The First Union to Oppose War in Vietnam

November 23, 2020

When 1199 became the first Union to oppose the war in Vietnam, it did not represent the views of the leadership alone, but also large sections of the membership. That made it possible for 1199 Executive Secretary Moe Foner to play a leading role in organizing the 1965 Leadership Assembly for Peace in Chicago.

Prior to the Assembly, the Union placed an ad in the New York Times with the names of 1,268 members demanding the Johnson administration halt the bombing of Vietnam and seek an immediate cease fire. Each of the members whose names appeared contributed a dollar to help finance the ad.

Earlier, in July 1964, President Leon Davis had warned against the "aggressive and dangerous foreign policy we are pursuing in South Vietnam." And in 1965, the Union sent a telegram of opposition to President Johnson. Others took note. The progressive Negro American Labor Council adopted a World Peace Resolution against the war.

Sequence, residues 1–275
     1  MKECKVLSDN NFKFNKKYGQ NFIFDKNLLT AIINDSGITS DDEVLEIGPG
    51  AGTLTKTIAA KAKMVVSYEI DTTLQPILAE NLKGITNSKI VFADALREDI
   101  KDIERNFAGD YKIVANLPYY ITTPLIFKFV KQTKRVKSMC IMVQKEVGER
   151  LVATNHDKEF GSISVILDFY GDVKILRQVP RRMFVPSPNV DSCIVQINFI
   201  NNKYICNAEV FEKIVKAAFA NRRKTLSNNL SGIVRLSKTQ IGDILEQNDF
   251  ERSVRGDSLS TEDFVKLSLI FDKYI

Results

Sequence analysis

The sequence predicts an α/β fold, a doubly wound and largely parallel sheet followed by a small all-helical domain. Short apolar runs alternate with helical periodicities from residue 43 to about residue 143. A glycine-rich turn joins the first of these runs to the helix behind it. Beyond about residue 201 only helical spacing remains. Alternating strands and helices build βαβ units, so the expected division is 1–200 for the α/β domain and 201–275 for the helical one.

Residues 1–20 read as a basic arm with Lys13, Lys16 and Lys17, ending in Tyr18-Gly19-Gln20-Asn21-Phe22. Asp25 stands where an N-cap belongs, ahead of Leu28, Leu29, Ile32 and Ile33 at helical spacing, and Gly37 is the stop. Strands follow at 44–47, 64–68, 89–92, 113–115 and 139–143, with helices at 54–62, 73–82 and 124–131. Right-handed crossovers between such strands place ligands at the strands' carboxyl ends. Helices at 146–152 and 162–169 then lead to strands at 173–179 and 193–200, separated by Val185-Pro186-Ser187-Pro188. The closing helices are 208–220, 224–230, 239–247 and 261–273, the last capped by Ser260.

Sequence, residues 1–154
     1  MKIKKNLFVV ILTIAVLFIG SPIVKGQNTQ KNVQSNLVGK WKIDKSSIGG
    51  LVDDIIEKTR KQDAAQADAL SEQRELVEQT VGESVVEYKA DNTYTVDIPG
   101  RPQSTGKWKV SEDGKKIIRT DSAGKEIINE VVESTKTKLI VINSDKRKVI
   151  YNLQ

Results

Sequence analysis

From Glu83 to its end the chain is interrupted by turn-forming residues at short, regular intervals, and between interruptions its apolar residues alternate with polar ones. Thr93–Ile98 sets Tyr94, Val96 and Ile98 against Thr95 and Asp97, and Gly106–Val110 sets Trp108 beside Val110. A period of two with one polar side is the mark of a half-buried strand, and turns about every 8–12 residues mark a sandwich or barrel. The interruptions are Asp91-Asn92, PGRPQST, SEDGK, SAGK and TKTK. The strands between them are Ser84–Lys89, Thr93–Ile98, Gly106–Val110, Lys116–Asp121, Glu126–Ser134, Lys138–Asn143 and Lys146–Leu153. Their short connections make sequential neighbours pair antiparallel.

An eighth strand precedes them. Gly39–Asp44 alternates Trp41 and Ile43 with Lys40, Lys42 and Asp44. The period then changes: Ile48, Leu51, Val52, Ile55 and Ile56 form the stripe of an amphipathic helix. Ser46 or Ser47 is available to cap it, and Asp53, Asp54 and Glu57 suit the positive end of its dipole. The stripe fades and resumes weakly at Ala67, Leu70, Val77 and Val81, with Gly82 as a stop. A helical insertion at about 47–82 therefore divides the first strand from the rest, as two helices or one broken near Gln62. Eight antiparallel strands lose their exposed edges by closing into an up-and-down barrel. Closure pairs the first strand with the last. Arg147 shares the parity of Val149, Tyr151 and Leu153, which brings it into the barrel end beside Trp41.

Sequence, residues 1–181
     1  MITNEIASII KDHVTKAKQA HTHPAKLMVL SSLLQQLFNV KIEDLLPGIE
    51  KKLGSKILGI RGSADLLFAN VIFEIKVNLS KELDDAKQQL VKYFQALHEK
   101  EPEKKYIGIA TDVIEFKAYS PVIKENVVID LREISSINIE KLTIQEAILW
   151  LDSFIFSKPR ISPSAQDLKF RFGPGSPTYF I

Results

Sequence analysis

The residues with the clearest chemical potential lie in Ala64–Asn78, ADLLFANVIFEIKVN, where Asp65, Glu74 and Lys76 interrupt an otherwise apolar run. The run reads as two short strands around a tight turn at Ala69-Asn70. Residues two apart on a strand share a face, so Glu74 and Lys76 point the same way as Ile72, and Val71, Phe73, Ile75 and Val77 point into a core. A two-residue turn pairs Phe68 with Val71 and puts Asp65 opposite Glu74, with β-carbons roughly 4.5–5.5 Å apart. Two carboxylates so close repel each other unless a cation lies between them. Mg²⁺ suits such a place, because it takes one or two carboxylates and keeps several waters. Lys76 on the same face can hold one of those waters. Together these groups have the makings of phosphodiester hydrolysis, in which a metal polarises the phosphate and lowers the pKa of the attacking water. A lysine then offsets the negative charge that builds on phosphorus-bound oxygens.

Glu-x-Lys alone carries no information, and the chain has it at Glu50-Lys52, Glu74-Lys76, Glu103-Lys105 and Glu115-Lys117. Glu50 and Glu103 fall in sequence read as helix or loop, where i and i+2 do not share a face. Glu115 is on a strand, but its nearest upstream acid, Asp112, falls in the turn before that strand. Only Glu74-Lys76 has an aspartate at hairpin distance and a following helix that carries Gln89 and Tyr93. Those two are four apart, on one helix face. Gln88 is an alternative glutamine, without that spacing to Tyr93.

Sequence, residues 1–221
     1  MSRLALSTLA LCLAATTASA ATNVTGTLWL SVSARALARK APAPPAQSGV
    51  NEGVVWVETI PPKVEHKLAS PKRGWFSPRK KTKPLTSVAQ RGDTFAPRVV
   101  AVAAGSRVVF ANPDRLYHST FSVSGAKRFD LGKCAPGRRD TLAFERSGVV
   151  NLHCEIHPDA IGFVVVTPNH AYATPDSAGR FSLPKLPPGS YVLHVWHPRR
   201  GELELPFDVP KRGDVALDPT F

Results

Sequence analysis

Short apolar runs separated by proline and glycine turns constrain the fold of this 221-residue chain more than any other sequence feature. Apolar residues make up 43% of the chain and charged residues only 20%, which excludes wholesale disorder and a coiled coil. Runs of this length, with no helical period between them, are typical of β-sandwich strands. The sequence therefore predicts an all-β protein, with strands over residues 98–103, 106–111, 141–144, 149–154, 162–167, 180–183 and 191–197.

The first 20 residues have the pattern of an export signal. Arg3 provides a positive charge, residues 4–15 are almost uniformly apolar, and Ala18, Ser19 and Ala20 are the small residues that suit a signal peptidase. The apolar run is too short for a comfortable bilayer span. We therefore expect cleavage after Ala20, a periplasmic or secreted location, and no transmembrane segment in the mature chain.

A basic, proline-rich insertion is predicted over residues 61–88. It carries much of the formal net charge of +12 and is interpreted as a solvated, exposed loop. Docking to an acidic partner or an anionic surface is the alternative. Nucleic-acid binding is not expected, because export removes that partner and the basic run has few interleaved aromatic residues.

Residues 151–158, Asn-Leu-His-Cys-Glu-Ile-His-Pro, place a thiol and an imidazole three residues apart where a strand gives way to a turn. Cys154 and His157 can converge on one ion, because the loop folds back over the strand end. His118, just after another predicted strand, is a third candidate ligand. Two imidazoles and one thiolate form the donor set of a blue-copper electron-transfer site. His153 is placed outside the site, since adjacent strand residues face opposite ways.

Throughout the late 1960s, leaders praised 1199 for its principled stance against the war. At the 1970 ceremonies dedicating the Union’s new headquarters, Congresswoman Bella Abzug, herself one of the pioneers in opposing America's involvement in Vietnam, praised 1199 for its opposition.

Said Dr. Martin Luther King, Jr. to an 1199 gathering weeks before his death on April 4, 1968: “I also believe that if all of labor were to follow your example of mobilizing and involving working people in the campaign to end the war in Vietnam, our nation would be much closer to a swift settlement of that immoral, unjust, and ill-considered war.”